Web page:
Leucocytozoon caulleryi

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Leucocytozoon caulleryi
Kingdom Protista
Phylum Protozoa
Order Haemospororida
Family Leucocytozoidae
Genus Leucocytozoon
Species L. caulleryi

Also Known As: Avian Haematozoa

Causes: Leucocytozoonosis


L. smithi within an erythrocyte, distorting its appearance.

Leucocytozoon caulleryi is a protozoan blood-borne parasite of birds.

This disease is not zoonotic.


Chickens are infected through biting midges, specifically Culicoides arakawae. Other Leucocytozoon species are transmitted by mosquitoes.

Sporozoites are parasitic and can migrate to and affect the liver, spleen, lungs and kidneys, forming schizonts. Schizonts can then release merozoites or secondary schizonts in the endothelial cells of the blood vessels and in essentially any of the viscera. These secondary schizonts have a distinct protective capsule and contain many merozoites.

Gametogony (sexual reproduction) then occurs within the erythrocytes.

Other Leucocytozoon species can invade and replicate within the leucocytes.

Signalment and Distribution

L. caulleryi has been reported in Thailand, India, Taiwan, Japan, Burma, Sri Lanka, the Philippines, Singapore, Malaysia, Indonesia, China, and Korea.[1]

Acute outbreaks of leucocytozoonosis have been reported in chickens, turkeys, waterfowl and wild birds worldwide.

Seasonality is dictated by presence of the insect vectors, so is usually in the Summer in temperate countries such as Japan but is present throughout the year where insects are active year-round such as in Southern Asia.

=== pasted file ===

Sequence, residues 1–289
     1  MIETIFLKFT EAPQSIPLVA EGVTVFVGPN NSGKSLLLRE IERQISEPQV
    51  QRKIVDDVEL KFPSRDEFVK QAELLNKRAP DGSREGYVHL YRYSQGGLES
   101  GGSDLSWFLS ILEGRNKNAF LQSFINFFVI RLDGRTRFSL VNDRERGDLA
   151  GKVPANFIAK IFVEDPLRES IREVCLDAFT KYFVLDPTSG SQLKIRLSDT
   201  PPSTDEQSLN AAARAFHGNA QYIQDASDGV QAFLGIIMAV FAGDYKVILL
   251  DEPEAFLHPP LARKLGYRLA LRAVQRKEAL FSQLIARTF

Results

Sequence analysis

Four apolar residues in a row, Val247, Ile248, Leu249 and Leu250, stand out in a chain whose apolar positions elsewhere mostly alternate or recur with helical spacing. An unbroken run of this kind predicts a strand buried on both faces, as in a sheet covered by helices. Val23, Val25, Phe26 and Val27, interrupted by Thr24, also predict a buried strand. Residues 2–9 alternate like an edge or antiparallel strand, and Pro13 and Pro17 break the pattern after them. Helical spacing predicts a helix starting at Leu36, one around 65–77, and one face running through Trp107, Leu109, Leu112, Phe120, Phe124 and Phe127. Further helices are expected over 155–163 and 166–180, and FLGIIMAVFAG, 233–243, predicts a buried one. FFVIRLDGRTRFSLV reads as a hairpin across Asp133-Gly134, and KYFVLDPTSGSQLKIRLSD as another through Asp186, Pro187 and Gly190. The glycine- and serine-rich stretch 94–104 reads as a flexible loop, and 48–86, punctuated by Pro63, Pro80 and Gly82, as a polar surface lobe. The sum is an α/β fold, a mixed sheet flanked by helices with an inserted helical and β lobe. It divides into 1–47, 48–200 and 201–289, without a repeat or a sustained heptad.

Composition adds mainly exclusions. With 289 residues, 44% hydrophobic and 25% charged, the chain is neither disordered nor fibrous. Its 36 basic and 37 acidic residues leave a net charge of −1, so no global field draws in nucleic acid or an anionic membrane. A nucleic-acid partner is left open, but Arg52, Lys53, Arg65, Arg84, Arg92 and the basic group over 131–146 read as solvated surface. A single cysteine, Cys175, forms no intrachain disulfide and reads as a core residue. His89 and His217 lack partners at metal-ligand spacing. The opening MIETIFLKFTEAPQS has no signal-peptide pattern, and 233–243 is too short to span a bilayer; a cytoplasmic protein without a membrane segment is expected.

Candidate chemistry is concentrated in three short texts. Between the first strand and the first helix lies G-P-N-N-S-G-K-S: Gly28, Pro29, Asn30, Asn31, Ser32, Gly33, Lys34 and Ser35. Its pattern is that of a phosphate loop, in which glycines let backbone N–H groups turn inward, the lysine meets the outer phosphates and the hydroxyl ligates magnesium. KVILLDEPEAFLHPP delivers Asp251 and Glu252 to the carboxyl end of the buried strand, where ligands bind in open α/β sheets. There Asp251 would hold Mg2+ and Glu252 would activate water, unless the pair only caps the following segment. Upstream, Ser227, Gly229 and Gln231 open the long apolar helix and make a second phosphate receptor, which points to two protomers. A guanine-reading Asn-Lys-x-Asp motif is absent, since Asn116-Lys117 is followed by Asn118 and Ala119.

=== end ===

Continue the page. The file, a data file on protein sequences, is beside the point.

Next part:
Clinical Signs

Infections range from subclinical to fatal and mortality can reach 100%. Mortalities are highest in young chicks due to marked haemorrhaging.

Leucocytozoonosis causes anaemia due to haemorrhages from damaged, ruptured blood vessels and affected erythrocytes. This can preset as pale mucous membranes, comb or wattle, petechiation and ecchymoses, lethargy, weakness and neurological signs. Anorexia and diarrhoea often occur and soft, thin, defective eggs with reduced hatchability may be laid by infected hens.

Neurological signs can also be caused by parasite replication and invasion of nervous tissues.


Large, poorly pigmented gametocytes can be identified within the host red blood cells distorting their appearance beyond recognition.

Antibodies and antigens can be detected serologically in serum using agar gel precipitation and ELISA.[2]

On post-mortem, petechial haemorrhage and second generation schizonts are seen in various organs of dead chicks and also in oviducts of infected hens, when analysed histologically.[3] The shell glad of the reproductive tract and oviducts are most severely affected. Schizonts can cause inflammation, oedema and pressure atrophy of surrounding tissues. Granulomatous and lymphocytic lesions are seen in the lungs, heart, brain and peripheral nerves. Large gametocytes can block capillaries of the lungs.


No treatment is usually effective.


Preventative medication with pyrimethamine and sulfadimethoxine in the feed can be used.

Insect vector control is helpful but difficult.

Leucocytozoon caulleryi Learning Resources
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  1. Akiba, K (1970) Leucocytozoonosis of chickens. Natl. Inst. Anim. Quart., 10:131-147
  2. Isobe, T., Suzuki, K (1986) Enzyme-linked immunosorbent assay for detection of antibody to Leucocytozoon caulleryi. Avian Pathology, 15(2):199-211; 14
  3. Nakamura, K., Mitarai, Y., Tanimura, N., Hara, H., Ikeda, A., Shimada, J., Isobe, T (1997) Pathogenesis of reduced egg production and soft-shelled eggs in laying hens associated with Leucocytozoon caulleryi infection. J Parasitology, 83(2):325-327; 11


This article was originally sourced from The Animal Health & Production Compendium (AHPC) published online by CABI during the OVAL Project.

The datasheet was accessed on 1 July 2011.

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